This thesis explores the instrumentalisation of Dante Alighieri in the construction of the Italian nation by various groups of Italians from the Risorgimento to the Fascist period. It analyses why Dante was chosen for the role of supreme national symbol, and to what purpose. It elaborates how the poet was used to render more tangible the idea of the Italian nation, which only a minority of ‘Italians’ shared. Since the creation of the Italian nation state was unpopular, Dante was used to make it seem a desirable end. He was also made to convey several abstract ideas regarding the new nation in an attempt to win over to the cause a larger number of people. This study examines the part he was made to play in encouraging enthusiasm for the prospect of national unity and independence, and in justifying the political unification of Italy. After unification he was called upon to promote the vision of a new Italy as a secular nation state, but also to support a Catholic version of italianità, and to bolster the irredentist cause. At the end of the nineteenth century and in the early twentieth century he was also deployed to legitimise Italian imperialism, and to endorse the Fascist conception of the Italian nation. As I shall demonstrate, there was little agreement about what he was held to represent, and these various views were propagated at one and the same time. Although these objectives were frequently contradictory, the groups which pursued them were usually united, despite themselves, in their estimation of Dante as a vital and effective advocate. In the course of this analysis it will become clear that much of the poet’s life and works were misappropriated for party and nation with but little protest from Italian intellectuals. The diverse utilisations of the poet reveal his importance in the nationalist project of shaping the past according to the needs and circumstances of the present.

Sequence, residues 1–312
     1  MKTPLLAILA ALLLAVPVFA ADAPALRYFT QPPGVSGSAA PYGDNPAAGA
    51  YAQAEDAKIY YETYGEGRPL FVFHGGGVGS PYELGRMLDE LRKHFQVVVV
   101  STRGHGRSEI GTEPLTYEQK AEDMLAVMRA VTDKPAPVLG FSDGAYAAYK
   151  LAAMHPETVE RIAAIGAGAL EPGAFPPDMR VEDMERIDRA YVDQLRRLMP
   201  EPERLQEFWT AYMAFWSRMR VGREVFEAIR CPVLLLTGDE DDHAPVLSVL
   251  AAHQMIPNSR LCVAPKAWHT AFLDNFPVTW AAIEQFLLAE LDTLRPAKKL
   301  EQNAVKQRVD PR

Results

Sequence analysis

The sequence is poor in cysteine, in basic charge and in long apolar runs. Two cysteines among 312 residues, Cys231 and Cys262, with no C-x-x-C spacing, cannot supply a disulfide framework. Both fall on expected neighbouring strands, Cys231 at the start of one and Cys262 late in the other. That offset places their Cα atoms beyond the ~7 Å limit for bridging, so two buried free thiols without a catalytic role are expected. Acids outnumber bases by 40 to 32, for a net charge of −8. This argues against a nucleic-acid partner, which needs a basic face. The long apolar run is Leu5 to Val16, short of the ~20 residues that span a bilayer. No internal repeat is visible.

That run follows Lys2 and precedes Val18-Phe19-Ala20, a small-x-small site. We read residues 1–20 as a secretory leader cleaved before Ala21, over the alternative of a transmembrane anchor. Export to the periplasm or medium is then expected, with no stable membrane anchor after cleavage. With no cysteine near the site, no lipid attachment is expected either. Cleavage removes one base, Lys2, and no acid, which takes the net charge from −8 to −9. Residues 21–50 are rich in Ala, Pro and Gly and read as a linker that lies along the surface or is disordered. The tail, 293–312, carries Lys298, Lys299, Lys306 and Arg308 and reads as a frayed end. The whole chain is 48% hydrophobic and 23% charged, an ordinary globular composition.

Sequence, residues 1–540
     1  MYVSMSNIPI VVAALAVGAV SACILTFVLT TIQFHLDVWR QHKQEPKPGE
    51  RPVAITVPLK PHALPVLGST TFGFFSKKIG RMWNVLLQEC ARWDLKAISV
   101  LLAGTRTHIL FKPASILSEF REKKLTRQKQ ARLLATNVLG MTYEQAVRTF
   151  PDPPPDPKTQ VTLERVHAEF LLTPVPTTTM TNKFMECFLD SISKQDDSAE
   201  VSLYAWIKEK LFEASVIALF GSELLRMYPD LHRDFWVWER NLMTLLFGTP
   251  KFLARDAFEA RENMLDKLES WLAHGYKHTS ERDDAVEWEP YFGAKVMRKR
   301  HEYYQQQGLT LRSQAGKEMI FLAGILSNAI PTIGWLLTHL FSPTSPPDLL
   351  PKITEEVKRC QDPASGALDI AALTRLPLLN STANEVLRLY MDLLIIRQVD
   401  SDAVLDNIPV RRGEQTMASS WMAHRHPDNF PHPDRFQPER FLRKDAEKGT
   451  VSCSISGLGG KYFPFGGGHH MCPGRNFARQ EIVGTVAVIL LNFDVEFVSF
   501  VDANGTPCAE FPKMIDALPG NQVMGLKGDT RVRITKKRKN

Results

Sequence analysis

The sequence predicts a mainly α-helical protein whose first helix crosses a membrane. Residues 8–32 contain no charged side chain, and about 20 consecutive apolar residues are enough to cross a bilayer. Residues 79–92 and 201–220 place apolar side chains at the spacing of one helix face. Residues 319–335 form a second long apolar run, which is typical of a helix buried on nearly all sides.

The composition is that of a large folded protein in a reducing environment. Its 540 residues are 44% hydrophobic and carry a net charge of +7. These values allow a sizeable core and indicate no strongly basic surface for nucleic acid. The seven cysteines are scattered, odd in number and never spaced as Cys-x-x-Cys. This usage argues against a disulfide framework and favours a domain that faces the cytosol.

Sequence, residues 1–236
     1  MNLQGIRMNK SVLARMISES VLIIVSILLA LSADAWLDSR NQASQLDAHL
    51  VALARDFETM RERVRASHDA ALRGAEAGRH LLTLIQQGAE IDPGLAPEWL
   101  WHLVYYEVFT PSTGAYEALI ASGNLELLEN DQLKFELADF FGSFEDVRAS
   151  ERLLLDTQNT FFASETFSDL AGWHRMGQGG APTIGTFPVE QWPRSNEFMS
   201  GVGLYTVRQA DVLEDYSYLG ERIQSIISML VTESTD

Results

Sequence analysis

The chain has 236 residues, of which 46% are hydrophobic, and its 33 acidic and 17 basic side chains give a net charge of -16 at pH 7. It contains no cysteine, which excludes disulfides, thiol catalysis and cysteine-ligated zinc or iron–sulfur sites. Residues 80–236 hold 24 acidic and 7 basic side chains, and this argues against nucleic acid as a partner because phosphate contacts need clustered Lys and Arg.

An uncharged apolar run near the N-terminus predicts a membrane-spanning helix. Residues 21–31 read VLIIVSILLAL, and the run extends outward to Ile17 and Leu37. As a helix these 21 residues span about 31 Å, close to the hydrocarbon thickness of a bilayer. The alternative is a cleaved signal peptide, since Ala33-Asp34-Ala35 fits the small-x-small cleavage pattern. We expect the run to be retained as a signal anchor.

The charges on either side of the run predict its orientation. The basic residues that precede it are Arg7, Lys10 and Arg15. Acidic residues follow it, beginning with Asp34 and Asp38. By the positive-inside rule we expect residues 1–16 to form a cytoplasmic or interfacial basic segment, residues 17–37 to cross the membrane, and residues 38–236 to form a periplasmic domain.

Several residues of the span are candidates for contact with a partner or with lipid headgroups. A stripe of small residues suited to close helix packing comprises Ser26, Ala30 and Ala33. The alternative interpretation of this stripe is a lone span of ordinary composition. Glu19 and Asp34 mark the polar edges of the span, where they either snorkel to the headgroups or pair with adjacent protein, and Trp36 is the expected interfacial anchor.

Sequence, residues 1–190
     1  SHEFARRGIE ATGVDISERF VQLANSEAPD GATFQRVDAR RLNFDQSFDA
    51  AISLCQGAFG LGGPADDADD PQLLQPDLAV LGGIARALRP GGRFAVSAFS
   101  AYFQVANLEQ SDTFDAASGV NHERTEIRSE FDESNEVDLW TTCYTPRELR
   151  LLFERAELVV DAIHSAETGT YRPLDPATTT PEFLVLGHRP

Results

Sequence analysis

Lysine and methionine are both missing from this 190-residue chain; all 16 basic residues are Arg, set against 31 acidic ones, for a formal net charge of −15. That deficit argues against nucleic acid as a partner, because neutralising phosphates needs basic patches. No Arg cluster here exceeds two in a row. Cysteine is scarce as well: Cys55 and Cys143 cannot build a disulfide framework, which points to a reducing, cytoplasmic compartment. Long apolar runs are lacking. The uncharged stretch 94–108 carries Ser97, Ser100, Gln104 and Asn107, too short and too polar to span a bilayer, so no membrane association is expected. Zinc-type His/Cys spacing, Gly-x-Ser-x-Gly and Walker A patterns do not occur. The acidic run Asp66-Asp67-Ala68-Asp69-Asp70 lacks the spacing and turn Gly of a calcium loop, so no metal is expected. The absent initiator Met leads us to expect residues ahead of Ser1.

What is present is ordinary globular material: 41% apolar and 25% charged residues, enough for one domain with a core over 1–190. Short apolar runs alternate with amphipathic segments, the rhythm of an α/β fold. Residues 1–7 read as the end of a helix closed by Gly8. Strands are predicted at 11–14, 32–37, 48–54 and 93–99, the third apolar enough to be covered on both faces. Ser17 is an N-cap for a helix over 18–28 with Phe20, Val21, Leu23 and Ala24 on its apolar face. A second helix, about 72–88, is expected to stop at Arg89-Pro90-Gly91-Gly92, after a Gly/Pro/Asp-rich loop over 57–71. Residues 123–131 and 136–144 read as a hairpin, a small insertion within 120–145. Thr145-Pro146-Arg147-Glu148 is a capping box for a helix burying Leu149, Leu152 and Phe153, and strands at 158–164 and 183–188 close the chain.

|Qualification||Doctor of Philosophy|
|Publication status||Unpublished - 2009|